Convert to absolute humidity101,325 kPa at sea level, 89,87 kPa at 1000 m above sea level
Absolute Humidity Calculator (Celcius)
Absolute Humidity Calculator (Fahrenheit)
Convert to relative humidity101,325 kPa at sea level, 89,87 kPa at 1000 m above sea level
Relative Humidity Calculator (Celcius)
Relative Humidity Calculator (Fahrenheit)
Unlocking Air Moisture: The Absolute Humidity Calculator
Discover the practicality of our tool doing the conversion of relative humidity to absolute humidity and vice versa. Experience the convenience of obtaining precise conversions effortlessly.
Information on the parameters needed to describe the amount of water in air;
Atmospheric Pressure (kPa)
The pressure changes with the weather with lower pressure at bad weather and high pressure when the sun is shining. At low pressure the air gets lighter and rises which creates clouds and wind. At high pressure the air has a higher density which creates a down motion and a higher stability.
For us within the desiccant dehumidification business the standard is to calculate with nominal pressure which is 101,325 kPa at sea level. You do not normally calculate with bad or good weather.
What we do need to consider is the altitude of the installation place. If you are for example in parts of Nevada in USA, around Nairobi in Kenya or around Amman in Jordan you have altitudes above 1000 m which affects the flow-charts rather much. With fresh air in the dehumidification system we in most cases have pre-coolers to take down the moisture content before drying the air in the desiccant rotor. If you for example pre-cool moist outdoor air to 10°C (50°F) at sea level you get an absolute water content at 7,6 g/kg (53,2 gr/lb). If you are in Nairobi at 1700 m you have a nominal pressure at 82,5 kPa and then you come down to 9,4 g/kg (65,8 gr/lb) with a pre-cooler of 10°C before the desiccant rotor. You can check this by changing the pressure on the top of the calculator, write in 10°C or 50°F and 100%RH and then click Calculate.
Table of atmospheric pressure at different altitudes;
Temperature (°C or °F)
The most well-known parameter of our air as it is the main parameter for our own comfort.
With higher temperature the air can contain more humidity in vapour form. Check this out by increasing the temperature in the Calculator but keep the same relative humidity and see that the moisture content (g/kg or gr/lb) increases. The physics behind this is that with higher temperature the water molecules in the air moves faster and is less willing to go into liquid phase.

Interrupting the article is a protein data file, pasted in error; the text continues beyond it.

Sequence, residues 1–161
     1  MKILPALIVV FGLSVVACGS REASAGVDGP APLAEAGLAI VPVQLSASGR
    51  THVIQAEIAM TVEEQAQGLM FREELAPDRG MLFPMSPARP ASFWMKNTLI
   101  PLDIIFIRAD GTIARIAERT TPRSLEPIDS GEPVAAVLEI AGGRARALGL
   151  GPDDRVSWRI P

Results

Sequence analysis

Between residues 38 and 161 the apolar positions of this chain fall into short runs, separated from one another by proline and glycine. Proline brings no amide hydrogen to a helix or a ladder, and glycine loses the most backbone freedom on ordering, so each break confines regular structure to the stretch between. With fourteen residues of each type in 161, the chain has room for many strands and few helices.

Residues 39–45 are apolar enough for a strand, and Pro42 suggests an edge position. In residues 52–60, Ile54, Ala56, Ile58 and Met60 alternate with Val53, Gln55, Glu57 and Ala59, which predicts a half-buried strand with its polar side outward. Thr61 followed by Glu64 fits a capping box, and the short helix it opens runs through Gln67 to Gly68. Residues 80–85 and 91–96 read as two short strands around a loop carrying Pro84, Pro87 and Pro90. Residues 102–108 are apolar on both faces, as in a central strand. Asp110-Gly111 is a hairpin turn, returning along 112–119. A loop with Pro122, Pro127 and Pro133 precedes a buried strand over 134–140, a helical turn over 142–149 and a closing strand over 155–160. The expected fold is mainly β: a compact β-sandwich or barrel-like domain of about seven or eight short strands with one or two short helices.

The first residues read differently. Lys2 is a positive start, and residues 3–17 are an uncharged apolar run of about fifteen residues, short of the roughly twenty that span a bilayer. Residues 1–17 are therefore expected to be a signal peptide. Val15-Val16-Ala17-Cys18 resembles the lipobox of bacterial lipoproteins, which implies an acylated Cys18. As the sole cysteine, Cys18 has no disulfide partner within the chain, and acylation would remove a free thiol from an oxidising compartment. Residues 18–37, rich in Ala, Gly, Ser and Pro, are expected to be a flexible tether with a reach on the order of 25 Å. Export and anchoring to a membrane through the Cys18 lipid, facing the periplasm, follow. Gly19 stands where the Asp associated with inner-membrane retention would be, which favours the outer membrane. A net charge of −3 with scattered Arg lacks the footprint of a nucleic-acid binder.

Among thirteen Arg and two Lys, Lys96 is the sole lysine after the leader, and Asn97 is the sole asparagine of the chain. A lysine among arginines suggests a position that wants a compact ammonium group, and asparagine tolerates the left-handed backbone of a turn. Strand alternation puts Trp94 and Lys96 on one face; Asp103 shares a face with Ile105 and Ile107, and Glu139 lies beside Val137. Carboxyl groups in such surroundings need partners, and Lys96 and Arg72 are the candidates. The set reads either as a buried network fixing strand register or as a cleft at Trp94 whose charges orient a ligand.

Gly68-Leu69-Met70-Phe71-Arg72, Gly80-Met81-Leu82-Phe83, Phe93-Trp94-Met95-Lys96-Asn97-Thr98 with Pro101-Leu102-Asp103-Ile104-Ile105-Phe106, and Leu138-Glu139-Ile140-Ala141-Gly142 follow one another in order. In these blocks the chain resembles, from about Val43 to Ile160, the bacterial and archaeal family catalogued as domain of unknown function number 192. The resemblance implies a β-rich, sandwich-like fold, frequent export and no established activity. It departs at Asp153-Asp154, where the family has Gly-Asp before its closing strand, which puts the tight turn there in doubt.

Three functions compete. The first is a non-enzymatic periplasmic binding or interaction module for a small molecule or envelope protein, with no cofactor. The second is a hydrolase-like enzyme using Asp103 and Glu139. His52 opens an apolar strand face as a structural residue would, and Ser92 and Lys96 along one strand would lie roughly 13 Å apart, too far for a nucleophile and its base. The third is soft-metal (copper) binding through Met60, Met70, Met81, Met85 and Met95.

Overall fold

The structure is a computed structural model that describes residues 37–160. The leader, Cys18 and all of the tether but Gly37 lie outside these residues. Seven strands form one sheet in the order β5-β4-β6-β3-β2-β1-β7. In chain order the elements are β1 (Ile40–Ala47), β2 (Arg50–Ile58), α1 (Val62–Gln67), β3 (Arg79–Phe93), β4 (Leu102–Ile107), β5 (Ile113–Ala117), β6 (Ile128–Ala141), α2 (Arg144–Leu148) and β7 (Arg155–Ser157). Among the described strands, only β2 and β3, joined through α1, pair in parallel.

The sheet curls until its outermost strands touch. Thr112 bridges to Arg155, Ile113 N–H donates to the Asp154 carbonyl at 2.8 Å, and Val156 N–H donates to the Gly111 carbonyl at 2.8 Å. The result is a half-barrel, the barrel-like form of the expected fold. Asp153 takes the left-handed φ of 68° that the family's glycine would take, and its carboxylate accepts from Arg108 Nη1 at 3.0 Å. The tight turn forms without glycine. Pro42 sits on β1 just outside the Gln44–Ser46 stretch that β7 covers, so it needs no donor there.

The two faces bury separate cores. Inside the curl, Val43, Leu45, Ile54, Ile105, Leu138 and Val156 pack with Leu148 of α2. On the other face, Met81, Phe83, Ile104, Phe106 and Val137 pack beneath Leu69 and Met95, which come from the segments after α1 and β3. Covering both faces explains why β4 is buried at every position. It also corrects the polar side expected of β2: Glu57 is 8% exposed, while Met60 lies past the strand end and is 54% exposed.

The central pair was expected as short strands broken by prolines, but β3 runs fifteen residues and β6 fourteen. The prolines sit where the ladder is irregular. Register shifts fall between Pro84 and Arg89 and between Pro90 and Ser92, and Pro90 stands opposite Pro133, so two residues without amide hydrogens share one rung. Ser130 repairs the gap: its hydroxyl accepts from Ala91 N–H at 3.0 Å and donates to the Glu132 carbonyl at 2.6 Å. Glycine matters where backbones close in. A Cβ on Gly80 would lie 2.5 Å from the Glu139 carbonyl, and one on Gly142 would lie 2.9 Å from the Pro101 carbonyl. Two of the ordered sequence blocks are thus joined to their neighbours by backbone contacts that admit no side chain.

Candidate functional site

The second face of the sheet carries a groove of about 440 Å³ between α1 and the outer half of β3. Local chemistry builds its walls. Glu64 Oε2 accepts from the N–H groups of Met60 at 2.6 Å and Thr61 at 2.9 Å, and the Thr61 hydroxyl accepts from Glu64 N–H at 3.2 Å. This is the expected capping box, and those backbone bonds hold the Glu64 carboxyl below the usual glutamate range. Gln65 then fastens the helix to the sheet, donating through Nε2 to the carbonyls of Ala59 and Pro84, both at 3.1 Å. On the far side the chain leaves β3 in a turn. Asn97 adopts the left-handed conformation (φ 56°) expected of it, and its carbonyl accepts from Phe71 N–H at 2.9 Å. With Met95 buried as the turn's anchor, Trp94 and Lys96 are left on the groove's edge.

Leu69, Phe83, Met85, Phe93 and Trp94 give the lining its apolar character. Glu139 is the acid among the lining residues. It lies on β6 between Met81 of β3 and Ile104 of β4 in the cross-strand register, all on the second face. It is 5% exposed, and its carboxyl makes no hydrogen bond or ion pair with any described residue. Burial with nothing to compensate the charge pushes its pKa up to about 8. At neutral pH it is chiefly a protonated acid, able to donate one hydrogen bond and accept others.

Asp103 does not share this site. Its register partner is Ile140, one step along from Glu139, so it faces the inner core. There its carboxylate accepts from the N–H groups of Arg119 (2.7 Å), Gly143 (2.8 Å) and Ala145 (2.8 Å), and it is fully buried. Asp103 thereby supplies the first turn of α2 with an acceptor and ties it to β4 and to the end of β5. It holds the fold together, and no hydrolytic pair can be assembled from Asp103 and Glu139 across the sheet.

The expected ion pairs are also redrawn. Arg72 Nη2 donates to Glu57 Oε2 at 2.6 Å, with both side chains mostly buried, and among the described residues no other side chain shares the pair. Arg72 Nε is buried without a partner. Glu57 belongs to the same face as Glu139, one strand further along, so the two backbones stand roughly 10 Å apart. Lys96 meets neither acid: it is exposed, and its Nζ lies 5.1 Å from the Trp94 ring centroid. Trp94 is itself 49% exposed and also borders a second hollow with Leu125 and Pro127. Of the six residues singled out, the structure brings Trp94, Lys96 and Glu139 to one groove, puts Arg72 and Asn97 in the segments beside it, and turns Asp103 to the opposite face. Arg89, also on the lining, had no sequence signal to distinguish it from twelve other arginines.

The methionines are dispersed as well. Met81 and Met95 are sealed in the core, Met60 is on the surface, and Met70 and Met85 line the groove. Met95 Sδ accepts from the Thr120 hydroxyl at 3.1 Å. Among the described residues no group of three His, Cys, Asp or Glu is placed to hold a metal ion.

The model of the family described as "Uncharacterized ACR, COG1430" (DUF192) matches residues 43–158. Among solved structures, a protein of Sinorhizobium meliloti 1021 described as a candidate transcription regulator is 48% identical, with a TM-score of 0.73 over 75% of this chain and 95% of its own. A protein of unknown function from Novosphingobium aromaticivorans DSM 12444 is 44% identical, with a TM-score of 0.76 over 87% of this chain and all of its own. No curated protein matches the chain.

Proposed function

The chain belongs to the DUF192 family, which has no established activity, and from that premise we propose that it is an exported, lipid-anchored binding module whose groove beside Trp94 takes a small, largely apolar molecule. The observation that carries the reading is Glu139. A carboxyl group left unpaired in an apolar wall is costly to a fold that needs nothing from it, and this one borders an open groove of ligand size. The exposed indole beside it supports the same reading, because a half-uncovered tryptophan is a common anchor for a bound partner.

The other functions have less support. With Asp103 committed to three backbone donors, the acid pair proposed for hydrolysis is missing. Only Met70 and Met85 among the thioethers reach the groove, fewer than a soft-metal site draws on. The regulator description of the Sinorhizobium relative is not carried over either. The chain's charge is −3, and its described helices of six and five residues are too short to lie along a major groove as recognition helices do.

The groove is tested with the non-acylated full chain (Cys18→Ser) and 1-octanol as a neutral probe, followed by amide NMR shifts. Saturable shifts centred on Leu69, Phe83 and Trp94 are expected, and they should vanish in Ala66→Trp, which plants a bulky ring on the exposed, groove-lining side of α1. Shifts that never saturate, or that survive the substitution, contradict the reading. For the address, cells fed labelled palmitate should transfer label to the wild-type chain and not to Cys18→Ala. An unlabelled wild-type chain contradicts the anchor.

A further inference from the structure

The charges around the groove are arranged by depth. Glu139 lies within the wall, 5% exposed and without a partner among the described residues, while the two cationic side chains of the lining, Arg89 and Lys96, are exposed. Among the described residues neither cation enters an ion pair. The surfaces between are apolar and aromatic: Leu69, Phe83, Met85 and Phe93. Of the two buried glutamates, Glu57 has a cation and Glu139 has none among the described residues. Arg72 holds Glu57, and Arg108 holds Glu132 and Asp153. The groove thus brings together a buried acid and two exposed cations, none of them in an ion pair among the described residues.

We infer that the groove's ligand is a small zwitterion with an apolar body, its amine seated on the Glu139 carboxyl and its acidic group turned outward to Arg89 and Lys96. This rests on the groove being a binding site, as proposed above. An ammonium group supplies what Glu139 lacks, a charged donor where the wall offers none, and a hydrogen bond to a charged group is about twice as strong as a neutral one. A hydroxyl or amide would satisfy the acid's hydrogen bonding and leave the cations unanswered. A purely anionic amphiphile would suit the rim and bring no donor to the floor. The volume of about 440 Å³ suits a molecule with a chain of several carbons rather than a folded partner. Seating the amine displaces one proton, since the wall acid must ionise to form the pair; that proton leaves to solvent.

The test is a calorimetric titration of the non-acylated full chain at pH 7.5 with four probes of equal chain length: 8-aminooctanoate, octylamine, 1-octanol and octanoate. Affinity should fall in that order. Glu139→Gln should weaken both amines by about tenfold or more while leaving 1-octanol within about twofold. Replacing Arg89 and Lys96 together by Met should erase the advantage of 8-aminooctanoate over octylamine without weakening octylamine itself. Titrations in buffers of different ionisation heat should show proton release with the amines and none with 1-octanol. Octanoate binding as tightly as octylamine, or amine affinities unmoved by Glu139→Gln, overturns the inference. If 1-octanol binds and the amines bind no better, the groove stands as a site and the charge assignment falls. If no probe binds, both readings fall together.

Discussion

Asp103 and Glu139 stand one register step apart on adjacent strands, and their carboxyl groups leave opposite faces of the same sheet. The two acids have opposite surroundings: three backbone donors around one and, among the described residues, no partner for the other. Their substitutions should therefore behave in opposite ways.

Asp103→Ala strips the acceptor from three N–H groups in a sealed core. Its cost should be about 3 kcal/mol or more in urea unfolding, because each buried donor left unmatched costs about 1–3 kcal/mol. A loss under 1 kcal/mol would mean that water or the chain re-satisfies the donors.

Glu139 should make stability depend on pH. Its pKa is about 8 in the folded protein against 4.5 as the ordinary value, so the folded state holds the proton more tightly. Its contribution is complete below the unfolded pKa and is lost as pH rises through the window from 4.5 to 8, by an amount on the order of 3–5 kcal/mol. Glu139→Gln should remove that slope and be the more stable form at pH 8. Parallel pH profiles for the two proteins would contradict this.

Relative Humidity (%RH)
A parameter most people recognise as we indirectly can feel it. At low relative humidity the sweat on your skin easily evaporates and sweating is an effective way to keep our bodies in temperature thanks to the evaporative cooling. At higher relative humidity the cooling is less effective.
The physics is that at 100%RH the water in the air goes from vapour to liquid form, condensate on a cold surface or become mist in the air. The number describes the water partial pressure in the air compared to the pressure it will be saturated. This is almost linear to the water content also so 50%RH will be half the absolute humidity compared to the 100%RH number at the same temperature.
Absolute humidity (g/kg or gr/lb)
Describes the weight of water vapour in the air. The number is weight of water compared to weight of dry air.
This number is very useful in an air handling process as it stays the same if you change the temperature unless you hit the condensation line and take out water from the air. Also in the condensation part of an air handler it is good to use as it is easy to calculate the amount of water you condensate.
Dew-point (°Cdp or °Fdp)
The temperature you need to cool down the air to in order to go from water vapour to liquid form. Like absolute humidity this number does not change with temperature unless you come down to the dew-point temperature. If the air temperature and dew-point is the same you have 100%RH.
This is useful in many ways. For projects with very dry air, Lithium battery manufacturing for example, it is easier to talk about dew-point instead of absolute humidity as the decimals gets so many on the g/kg or gr/lb. To avoid condensation in a process this parameter is also very useful, just keep the dew-point of the air lower than the surface temperature and that surface will remain dry.